No matter how sophisticated an operation room is, it cannot function on its own. It must be supported by a clean core, central sterile and storage and support spaces. How this is implemented may vary.
For example, adding a sterile equipment setup room between operating rooms with the same ventilation system helps reduce prep and turn-around time. Another example is a pass-through window between operating rooms, which helps reduce movement between spaces and unnecessary risks of infection.
These innovations aren’t necessarily obvious at first, but it does reflect the latest trends in design efficiency for operating rooms of the future.
As the development of medical technology continues to accelerate, the surgical environment and best practices will change, as well. In a decade, who knows what the future operating room will look like? What we do know is this: it will not be a simple space anymore. Innovation is taking hold of how surgery rooms operate and function.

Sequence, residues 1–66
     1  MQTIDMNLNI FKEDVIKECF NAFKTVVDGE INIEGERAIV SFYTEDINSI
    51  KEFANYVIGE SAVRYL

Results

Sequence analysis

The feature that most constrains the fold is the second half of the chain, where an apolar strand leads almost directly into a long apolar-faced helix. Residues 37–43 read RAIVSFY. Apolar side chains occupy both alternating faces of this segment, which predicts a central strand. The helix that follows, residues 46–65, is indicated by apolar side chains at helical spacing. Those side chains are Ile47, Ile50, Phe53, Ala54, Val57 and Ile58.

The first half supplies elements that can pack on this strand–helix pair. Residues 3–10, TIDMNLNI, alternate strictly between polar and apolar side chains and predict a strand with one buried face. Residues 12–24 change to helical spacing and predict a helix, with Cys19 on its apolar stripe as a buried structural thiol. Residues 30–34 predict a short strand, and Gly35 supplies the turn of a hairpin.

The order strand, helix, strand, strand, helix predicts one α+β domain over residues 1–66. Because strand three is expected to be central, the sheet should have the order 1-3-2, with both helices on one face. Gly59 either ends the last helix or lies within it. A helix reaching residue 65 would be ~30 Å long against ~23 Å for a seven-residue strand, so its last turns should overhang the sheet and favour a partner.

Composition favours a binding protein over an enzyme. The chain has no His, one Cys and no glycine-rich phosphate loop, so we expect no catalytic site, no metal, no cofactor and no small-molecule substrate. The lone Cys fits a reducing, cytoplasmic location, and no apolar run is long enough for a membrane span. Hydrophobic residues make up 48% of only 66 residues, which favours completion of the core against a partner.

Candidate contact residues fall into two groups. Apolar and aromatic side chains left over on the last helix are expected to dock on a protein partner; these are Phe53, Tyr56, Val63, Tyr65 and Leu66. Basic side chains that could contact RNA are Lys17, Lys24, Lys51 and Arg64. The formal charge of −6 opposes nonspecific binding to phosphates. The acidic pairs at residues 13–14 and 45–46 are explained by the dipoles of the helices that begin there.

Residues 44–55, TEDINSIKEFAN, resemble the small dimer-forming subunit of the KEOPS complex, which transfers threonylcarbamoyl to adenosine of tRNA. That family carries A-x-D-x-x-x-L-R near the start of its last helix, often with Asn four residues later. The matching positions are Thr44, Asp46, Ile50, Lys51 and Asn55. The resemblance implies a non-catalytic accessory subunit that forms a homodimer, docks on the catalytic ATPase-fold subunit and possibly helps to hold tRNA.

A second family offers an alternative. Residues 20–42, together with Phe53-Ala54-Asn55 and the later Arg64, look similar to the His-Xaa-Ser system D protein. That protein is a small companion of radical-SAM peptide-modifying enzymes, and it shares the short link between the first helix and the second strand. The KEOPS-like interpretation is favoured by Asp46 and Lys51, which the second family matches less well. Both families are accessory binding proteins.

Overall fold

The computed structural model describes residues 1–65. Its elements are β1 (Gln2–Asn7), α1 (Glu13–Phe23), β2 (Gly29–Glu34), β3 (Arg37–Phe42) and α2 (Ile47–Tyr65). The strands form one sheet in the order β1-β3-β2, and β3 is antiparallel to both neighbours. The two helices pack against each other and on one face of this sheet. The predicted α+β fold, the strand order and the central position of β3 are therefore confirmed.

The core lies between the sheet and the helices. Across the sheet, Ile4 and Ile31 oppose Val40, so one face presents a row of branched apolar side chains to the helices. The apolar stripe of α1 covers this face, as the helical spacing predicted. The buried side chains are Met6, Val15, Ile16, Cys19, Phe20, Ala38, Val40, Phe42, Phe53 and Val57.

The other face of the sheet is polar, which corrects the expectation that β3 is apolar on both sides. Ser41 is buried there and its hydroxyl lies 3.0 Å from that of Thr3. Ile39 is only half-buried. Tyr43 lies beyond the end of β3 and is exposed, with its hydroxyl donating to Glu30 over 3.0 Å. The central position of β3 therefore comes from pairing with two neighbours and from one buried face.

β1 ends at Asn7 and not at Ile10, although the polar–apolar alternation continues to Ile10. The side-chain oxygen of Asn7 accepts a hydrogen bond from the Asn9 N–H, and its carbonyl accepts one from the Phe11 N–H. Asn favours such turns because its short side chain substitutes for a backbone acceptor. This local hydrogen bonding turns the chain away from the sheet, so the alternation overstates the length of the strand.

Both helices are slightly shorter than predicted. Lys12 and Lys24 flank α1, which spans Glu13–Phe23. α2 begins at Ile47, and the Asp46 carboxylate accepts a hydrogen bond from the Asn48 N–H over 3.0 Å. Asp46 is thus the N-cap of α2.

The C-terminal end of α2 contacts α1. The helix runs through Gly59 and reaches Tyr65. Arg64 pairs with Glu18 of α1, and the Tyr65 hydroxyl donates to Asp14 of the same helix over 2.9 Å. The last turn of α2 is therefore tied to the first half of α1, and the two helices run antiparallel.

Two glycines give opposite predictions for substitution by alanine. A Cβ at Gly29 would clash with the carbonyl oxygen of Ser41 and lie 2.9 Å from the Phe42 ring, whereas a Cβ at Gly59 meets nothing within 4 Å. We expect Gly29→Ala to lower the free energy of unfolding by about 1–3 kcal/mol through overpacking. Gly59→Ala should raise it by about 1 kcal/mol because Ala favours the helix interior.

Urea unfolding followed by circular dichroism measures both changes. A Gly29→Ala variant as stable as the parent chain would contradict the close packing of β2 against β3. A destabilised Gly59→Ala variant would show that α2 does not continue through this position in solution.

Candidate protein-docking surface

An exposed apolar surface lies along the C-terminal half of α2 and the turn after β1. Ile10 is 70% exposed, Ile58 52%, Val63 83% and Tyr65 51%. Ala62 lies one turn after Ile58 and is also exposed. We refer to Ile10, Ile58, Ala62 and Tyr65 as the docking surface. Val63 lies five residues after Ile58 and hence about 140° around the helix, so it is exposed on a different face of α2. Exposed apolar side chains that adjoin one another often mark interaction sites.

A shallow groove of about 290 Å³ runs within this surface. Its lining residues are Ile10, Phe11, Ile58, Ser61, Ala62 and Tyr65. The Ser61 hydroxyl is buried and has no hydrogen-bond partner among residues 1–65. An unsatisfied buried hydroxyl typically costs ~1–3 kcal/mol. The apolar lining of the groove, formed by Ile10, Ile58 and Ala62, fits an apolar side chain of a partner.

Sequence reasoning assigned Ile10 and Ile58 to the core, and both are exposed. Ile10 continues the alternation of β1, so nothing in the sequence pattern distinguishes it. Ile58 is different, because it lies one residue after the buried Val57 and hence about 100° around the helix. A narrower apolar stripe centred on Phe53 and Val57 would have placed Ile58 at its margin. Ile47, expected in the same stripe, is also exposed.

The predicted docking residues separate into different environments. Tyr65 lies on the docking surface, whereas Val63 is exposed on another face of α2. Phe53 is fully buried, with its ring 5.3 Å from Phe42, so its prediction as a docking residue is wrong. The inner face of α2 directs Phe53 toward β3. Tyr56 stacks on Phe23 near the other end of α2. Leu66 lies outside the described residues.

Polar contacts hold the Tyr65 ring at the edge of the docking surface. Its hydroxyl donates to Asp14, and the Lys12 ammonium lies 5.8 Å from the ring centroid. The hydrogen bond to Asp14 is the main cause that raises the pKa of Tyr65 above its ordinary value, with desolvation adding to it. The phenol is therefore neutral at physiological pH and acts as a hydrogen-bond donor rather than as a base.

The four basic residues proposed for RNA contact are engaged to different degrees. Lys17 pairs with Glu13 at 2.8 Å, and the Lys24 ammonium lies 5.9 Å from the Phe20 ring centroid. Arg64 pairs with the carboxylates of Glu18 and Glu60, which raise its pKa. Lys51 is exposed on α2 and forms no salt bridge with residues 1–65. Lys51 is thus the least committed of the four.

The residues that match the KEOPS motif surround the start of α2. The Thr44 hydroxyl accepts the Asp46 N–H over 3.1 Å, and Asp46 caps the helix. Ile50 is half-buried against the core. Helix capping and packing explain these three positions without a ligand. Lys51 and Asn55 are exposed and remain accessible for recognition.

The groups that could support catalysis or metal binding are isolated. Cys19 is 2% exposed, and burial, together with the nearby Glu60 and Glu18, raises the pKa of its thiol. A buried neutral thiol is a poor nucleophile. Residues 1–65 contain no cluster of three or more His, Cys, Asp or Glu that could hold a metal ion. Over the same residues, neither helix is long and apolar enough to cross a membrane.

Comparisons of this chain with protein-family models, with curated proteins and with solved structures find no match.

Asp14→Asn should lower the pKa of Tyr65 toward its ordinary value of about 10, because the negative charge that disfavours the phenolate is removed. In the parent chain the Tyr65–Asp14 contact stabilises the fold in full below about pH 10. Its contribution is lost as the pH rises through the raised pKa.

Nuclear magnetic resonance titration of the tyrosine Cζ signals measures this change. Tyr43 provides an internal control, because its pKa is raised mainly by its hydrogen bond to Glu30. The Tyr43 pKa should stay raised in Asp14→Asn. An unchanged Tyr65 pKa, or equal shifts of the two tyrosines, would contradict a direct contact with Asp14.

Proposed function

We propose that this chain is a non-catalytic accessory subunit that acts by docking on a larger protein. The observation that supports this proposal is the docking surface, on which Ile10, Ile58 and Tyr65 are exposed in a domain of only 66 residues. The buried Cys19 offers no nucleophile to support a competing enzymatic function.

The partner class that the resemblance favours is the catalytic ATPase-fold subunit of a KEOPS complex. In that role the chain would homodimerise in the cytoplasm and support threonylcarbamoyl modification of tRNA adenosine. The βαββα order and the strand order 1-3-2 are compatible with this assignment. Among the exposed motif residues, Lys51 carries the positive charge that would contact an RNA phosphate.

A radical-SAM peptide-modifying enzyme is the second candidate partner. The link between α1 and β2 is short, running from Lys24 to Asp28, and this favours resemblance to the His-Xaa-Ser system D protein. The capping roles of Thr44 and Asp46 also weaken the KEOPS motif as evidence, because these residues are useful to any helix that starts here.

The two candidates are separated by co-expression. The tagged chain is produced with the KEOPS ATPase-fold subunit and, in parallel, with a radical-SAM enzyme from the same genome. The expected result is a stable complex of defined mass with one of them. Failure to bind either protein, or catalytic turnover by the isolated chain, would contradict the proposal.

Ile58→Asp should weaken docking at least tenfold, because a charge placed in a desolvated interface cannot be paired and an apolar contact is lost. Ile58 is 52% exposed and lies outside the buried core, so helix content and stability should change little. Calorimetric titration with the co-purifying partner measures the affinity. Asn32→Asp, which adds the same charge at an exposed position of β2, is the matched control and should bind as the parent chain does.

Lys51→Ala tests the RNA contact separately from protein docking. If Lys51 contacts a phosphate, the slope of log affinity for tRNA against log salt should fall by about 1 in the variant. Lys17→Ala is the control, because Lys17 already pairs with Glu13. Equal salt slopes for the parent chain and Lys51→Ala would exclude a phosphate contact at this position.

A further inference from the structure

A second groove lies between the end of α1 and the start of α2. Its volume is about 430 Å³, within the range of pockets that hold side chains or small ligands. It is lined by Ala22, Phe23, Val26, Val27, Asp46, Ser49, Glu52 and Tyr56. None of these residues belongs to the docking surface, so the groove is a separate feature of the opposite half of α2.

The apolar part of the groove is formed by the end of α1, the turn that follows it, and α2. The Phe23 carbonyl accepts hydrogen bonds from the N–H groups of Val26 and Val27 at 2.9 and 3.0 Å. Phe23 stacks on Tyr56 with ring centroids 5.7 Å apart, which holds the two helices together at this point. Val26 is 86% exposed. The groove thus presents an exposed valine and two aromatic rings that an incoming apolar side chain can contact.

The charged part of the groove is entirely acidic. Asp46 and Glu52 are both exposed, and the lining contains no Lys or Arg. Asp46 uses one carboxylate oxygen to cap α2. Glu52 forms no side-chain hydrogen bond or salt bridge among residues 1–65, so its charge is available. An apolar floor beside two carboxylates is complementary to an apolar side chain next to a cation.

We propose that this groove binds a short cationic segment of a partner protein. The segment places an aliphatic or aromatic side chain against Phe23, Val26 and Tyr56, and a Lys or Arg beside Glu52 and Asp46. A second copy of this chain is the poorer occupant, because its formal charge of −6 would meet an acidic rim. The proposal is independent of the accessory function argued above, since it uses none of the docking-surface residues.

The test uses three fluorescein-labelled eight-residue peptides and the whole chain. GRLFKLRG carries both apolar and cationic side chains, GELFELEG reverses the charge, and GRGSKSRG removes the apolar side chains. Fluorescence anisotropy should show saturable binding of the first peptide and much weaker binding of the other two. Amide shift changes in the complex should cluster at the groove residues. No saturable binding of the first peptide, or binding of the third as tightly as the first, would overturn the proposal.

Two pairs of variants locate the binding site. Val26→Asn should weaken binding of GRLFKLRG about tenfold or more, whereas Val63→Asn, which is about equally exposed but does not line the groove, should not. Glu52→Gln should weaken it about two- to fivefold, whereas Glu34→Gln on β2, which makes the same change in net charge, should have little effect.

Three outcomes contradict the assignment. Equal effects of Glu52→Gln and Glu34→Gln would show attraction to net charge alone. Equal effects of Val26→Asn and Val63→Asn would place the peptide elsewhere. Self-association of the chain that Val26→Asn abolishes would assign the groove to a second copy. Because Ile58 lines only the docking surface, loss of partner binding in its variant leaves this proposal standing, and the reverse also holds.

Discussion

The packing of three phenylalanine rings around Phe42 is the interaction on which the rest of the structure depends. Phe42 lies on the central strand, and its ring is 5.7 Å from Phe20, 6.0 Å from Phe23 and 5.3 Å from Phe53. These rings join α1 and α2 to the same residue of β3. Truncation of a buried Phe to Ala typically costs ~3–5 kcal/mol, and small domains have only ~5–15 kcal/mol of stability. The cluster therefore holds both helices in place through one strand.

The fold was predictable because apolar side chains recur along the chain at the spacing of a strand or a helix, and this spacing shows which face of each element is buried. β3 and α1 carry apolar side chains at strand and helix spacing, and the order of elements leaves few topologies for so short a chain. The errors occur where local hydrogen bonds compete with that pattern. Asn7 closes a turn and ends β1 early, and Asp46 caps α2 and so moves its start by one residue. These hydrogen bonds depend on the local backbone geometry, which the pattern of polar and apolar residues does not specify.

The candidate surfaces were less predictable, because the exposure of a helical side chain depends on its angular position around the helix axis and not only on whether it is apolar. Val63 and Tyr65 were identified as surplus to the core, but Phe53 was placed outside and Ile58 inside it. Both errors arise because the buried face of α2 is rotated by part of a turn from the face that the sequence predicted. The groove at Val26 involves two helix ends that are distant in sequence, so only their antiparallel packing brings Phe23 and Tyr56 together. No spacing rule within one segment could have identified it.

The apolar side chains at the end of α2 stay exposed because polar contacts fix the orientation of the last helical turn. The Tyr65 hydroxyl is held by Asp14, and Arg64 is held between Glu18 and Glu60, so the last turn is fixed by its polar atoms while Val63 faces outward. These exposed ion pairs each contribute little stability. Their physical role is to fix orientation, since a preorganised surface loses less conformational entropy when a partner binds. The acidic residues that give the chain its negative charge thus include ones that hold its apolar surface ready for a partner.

The messages conveyed in a waiting room can be subtle or direct. Everything from the arrangement of seating to the type and intensity of color and light contrast has an impact on a patient’s mood and well-being. In a waiting room, fostering a calm, relaxed environment is vital.
Choose the Right Furniture
The most important part of your waiting room décor is the furniture. Not only is it the first thing your guests will see, it determines how comfortable they will feel in your space. Consider the styles, colors, and fabric choices that will help support a branded look.
Measuring is important in selecting the furniture (including seating). Design your space to look professional and attractive while comfortably accommodating your visitors. To decide how much furniture you will need, consider how many waiting room chairs would be used by your guests on the busiest day. Then select your chairs based on comfort, style and practicality. Once this is done, fill the space with tables.
Finally, when deciding on all of your furniture, your budget will be one of the biggest factors to consider. Make sure to leave an adequate lead time if you are planning to have your waiting room area done for a particular date.
Choose Colors and Tones Carefully